Our apprentice beekeeper Jack continues his exploration of the Kiwi hills to deepen his knowledge of beekeeping, and gain invaluable experience with our dear friend Alex at Manuka Island Honey. As part of his 3 year apprenticeship, supported by QEST, he has travelled to the other side of the globe with the intention of getting an insight into the beekeeping practises of the Manuka honey veterans in this stunningly biodiverse part of the world.
Deep in the forested valleys of the Wairou are the apiaries situated to take advantage of the Mānuka nectar flow. Criss-crossed by rivers and fjords, the bees are guided by the topography, sheltered, and coralled over the forests. As the Mānuka plant favours wet soil, we greeted the arrival of heavy rains gratefully. Summer heat and humidity to follow would bring on the blossom, and keep the nectaries full. Long did the rain fall however, with the mighty Buller river at home so swollen by its staggering tributary system it swept away shipping containers, roads, and even bridges. Some of these tributaries are essential for access to apiaries and even without rain must be forwarded carefully. With the rain, however, rivers became raging torrents and changed course sweeping away our fjording sites in turn. The wisdom of preemptively stacking honey boxes became apparent.
It was weeks before we could regain access and by this time the valleys had turned white. Mānuka trees yield abundant small five-petalled flowers, within which a red centre ringed by pollen-carrying stamen guides hungry bees to forage. With just a few weeks of bloom it would seem such a season couldn't possibly yield a thousand honey boxes in just three days but my worn finger tips say otherwise. Temperatures at the valley floor rise first; the roadside borders begin to turn white whilst the valley walls are still lush and green. As summer progresses so these walls slowly follow suit, all the while the bees adjust their foraging patterns and ascend with the blossom. In this way the Mānuka season is extended and the rich bounty on offer harvested.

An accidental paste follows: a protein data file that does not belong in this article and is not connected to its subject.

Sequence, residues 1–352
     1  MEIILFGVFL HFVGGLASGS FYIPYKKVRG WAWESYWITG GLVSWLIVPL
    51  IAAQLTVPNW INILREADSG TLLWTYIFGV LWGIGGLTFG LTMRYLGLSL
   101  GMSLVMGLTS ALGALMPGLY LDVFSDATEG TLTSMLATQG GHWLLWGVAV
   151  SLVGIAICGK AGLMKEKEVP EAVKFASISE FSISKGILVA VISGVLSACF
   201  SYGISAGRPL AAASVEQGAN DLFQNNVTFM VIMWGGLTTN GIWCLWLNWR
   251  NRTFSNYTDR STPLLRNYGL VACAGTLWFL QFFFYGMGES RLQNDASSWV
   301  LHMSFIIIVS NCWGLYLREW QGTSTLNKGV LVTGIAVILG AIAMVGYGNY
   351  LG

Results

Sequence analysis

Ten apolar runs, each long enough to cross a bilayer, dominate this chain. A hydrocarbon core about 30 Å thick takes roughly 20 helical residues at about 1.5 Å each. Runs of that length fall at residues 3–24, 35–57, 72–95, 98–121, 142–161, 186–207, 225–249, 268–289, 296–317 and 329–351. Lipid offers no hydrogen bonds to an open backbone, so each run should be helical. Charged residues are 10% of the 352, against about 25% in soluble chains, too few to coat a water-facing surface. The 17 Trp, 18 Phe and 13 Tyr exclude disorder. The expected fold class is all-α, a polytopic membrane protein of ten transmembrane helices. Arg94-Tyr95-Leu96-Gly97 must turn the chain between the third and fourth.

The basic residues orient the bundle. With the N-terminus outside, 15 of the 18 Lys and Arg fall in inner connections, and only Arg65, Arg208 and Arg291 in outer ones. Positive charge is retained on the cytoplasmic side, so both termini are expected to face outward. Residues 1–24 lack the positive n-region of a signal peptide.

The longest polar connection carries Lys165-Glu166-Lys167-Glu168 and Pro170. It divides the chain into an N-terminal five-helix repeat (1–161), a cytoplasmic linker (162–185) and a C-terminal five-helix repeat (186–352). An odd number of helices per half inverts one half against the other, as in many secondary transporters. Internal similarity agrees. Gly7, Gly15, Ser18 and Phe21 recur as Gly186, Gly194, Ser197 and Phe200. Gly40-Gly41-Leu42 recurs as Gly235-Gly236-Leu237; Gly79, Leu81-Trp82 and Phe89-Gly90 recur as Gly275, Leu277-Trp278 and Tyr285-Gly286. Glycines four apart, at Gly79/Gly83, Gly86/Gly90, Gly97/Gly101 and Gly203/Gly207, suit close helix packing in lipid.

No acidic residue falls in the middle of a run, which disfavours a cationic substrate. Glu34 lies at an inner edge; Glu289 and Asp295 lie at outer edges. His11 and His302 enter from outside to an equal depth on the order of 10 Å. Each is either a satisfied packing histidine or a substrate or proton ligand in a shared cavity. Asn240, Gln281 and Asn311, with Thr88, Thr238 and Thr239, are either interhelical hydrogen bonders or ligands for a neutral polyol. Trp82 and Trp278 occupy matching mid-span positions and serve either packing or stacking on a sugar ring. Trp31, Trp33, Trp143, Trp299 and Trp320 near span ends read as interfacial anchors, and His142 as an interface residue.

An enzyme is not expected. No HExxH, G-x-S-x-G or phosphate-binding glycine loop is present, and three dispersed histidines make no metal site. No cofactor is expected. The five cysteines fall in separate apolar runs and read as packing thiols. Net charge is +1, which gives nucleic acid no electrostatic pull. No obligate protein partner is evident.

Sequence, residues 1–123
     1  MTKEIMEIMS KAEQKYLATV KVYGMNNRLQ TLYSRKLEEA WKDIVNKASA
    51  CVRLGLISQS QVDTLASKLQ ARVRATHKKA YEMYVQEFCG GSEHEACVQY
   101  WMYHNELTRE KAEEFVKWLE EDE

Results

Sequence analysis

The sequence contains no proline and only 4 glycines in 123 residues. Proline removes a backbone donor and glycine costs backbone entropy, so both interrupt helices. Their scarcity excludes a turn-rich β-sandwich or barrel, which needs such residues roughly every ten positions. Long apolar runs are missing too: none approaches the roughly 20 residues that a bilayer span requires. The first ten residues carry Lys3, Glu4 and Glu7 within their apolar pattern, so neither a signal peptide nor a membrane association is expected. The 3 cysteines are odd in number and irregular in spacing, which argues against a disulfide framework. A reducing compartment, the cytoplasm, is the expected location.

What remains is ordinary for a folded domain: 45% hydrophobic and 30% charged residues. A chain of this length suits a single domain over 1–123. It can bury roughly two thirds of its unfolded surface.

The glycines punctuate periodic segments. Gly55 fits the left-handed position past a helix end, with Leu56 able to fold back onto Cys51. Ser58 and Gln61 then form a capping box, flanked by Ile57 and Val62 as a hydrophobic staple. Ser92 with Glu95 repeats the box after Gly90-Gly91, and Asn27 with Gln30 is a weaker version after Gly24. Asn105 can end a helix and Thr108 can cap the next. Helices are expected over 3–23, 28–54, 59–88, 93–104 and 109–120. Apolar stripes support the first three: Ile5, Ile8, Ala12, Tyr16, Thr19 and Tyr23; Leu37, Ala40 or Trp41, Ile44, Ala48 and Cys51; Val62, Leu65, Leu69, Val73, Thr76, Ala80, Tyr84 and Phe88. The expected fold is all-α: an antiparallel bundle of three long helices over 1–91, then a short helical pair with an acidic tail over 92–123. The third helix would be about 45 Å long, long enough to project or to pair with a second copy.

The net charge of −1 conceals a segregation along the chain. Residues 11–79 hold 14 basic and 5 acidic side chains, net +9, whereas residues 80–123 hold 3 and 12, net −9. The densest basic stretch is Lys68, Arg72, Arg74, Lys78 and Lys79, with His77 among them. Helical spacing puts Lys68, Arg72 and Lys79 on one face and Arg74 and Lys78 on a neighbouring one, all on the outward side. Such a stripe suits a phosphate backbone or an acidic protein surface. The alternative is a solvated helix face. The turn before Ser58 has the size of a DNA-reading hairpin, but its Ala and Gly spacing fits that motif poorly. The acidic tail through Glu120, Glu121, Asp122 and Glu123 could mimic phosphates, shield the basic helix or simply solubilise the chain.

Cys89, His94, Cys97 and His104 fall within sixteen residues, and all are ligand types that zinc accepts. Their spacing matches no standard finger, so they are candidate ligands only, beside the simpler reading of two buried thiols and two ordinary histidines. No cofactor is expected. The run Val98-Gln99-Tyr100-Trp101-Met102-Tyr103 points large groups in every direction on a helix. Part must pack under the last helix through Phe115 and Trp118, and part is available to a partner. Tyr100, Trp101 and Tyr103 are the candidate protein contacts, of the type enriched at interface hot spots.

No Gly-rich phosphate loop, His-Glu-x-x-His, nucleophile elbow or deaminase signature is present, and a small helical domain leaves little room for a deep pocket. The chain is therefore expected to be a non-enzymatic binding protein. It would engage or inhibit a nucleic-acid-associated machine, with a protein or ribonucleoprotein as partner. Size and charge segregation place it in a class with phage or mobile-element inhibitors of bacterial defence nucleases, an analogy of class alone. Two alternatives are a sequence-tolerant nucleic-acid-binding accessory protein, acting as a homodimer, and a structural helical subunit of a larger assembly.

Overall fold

Nic and Jack from LHC, with Alex and Alysha of Manuka Island Honey Farms
Cracking apart honey boxes with his specially designed tool, Alex points to the burr comb atop frames of honey, a sure sign the nectar flow has been strong. Alex's comment "This is the real McKoy" is my invitation to boost energy levels with a piece of still-warm-from-the-hive comb honey. The flavour is delicious.
Golden, orange-tinged honey, Manuka is akin to our prized British Heather Honey with its thixotropic or jelly-like consistency. Sweet, lightly tangy and with a subtle bitterness reminiscent of Seville oranges, I'm told it's common as I experience a gentle tingling on my tongue, on account of Mānuka's special properties. Methylglyoxal, or MGO, is the Mānuka factor that was discovered in 90's to possess unique antibacterial activities, and it was this naturally occurring compound that launched Mānuka to its highly coveted status. The MGO number on a jar gives a measure of the content of Methylglyoxal in milligrams per kilo, and offers an indicator of its activity, to say nothing of its myriad other potential health benefits.
With just weeks of my own beekeeping activities left, my time in New Zealand with Manuka Island Honey has been a pleasure. I'm not only fitter, but working here has been a real boon to my experience as an apprentice bee farmer at the London Honey Company. Having never before tasted Mānuka honey, I can say its worth the tremendous effort put into obtaining it; it's simply delightful. There are plenty of twelve-hour working days left however, and the next round of cropping is soon to start. When I get there, it's for my colleagues back home in London to decide whether my accent has taken on a twang like that of the honey.